TAGBILARAN CITY, Bohol November 9, (PIA)—The option for organic agriculture could be hard and tedious but, when done right, will produce the same harvest as that of the farms with chemical fertilizers, but puts premium on the environment.
Marissa Tuazon, of the Pambansang Kilusan nga mga Magsasaka (PAKISAMA) pointed out that in farms, the experience of lessening the use of chemical inputs in the farms to save a little on will always have ill effects on the harvest, so they would have to bombard inputs to produce.
This ultimately produces that vicious cycle that would be endlessly binding the farmers to inputs and fertilizers to be able to produce, of a failure in cropping happens, she explained.
We are into local developments in the towns, using the old ways, considering that we have proven it; an organic farmer is now able to harvest 150 cavans per hectare, which, according to Tuazon is equal to the harvest of a farm using chemical fertilizer.
Themselves striving to effect asset reforms in the farms, PAKISAMA starts from issues in social justice to social enterprises, are now into building agri-based social enterprises in Carmen Bohol.
The plan is to help farmers wane themselves from the shackles of inorganic farm inputs so that the investments can be saved for the family.
PAKISAMA as well as other organic agriculture advocates in Bohol, relentlessly push for the return to the adoption of the more environment friendly fertilizers and pesticides or herbicides to make a statement on helping the campaign for climate change mitigation.
It is always survival of the fittest, so when farmers use synthetic herbicides to weed the farm and pesticides to rid the farms of pests, much of the chemicals are retained in the food, which is eaten, or are being washed out during rains, contaminating other farms and the water systems.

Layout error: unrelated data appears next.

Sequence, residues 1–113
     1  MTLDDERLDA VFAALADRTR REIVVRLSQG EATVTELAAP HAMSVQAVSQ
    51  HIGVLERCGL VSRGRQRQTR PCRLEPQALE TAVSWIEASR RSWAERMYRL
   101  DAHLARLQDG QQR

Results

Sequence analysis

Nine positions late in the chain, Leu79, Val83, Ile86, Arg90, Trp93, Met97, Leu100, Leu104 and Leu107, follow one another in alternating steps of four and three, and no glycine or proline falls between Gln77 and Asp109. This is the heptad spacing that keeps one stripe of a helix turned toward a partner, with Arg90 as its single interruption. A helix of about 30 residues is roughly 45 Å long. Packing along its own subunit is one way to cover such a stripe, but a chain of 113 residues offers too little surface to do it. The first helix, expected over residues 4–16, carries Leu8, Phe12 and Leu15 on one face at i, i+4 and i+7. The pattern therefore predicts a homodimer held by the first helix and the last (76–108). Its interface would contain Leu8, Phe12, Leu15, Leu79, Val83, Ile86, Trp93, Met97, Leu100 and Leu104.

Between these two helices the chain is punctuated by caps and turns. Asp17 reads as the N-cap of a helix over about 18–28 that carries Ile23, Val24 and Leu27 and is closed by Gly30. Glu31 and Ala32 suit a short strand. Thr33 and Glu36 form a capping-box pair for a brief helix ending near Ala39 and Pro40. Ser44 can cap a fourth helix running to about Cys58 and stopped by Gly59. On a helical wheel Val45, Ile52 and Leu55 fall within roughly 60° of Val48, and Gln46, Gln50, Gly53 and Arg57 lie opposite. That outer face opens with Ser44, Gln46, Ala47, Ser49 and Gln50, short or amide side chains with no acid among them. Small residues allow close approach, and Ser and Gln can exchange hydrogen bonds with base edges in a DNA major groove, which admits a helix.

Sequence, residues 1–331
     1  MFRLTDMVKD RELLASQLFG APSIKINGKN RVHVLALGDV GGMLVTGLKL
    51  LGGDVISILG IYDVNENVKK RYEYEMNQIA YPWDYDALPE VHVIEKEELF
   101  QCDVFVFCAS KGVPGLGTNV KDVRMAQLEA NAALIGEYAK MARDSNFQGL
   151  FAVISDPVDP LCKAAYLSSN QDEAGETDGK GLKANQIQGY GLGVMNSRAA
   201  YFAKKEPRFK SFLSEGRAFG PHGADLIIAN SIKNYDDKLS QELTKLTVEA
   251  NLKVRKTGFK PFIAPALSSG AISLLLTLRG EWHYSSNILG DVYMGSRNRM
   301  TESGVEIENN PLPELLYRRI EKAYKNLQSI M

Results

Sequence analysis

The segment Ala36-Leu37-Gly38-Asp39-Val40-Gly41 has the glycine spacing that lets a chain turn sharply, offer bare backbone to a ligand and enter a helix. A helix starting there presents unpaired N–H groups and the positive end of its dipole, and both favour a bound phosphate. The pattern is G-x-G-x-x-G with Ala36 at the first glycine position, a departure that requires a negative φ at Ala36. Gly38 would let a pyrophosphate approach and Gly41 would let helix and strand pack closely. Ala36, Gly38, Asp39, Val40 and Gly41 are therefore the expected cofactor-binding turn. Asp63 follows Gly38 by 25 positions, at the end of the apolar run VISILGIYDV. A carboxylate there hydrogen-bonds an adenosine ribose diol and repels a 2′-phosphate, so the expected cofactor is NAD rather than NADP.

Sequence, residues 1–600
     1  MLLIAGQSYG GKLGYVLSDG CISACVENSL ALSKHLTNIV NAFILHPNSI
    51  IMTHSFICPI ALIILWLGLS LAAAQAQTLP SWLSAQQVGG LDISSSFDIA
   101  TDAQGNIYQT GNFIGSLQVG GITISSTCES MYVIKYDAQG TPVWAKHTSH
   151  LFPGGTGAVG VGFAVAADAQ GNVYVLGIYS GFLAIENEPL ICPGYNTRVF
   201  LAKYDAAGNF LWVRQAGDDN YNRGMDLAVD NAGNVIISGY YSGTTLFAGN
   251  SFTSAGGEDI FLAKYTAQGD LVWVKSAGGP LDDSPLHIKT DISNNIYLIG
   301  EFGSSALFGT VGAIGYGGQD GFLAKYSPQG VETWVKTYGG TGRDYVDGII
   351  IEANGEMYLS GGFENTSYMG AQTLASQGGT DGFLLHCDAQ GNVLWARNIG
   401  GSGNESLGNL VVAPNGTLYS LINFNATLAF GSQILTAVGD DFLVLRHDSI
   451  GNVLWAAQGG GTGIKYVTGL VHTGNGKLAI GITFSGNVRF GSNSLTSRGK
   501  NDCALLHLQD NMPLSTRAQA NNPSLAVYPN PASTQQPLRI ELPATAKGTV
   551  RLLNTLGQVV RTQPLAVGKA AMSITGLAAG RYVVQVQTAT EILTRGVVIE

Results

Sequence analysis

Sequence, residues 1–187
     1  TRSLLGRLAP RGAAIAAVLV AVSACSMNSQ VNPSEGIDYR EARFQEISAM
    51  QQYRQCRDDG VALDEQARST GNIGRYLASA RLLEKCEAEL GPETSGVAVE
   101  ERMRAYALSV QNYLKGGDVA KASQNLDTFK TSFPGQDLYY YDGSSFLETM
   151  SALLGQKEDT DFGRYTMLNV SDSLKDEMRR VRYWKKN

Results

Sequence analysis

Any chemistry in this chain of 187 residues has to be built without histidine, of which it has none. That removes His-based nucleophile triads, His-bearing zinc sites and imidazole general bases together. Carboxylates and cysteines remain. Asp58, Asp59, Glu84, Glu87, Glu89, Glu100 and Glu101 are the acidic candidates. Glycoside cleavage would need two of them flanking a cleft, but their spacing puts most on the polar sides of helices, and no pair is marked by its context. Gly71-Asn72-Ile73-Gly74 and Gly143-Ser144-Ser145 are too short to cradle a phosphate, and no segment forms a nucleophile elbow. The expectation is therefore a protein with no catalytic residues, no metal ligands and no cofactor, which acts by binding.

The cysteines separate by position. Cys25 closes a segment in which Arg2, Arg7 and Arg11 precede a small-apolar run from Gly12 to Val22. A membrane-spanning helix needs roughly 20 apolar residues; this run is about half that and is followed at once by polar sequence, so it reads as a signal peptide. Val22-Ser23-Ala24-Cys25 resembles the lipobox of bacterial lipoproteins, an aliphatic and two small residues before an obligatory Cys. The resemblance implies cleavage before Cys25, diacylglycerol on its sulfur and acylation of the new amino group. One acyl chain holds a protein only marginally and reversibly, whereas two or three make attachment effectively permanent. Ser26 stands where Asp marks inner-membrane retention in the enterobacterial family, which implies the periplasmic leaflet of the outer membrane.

Zen Darunday, member of the Bohol Nature Conservation Society (BONACONSO) and a key officer of the Bohol Initiators of Sustainable Agricultural Development (BISAD) shared research that showed that of the 60% of the greenhouse gasses come from agriculture.
These gasses include methane from rotten leaves and animal wastes, nitrous oxides from chemical fertilizers and other soil demineralizers.
She said nitrogen-based fertilizers are 300 times more potent in racking heat, contributing to the climate change.
With chemical fertilizers clearly contributing to climate change despite the fact that it also leads to serious pollution issues which compound environmental destruction, groups like BISAD, PAKISAMA, Hugpong sa mga Mag-uumang Bol-anon (HUMABOL) and BONACONSO push therefore, for a serious organic farming adoption in Bohol.
We need to make true to our adopted green-development agenda, this time, it should not just be a mouthed promise but translated to reality, they urged.
In the advent of ASEAN integration, Tuazon picks on the edge for organic products which would be highly competitive when products from other countries start to flood the local markets.
Organic agriculture is our economic edge, and this helps the environment, so this must be seriously implemented by Bohol, who professes to be a province whose development is guided by the considerations of a sustainable environment, the groups said. (rac/PIA-7/Bohol)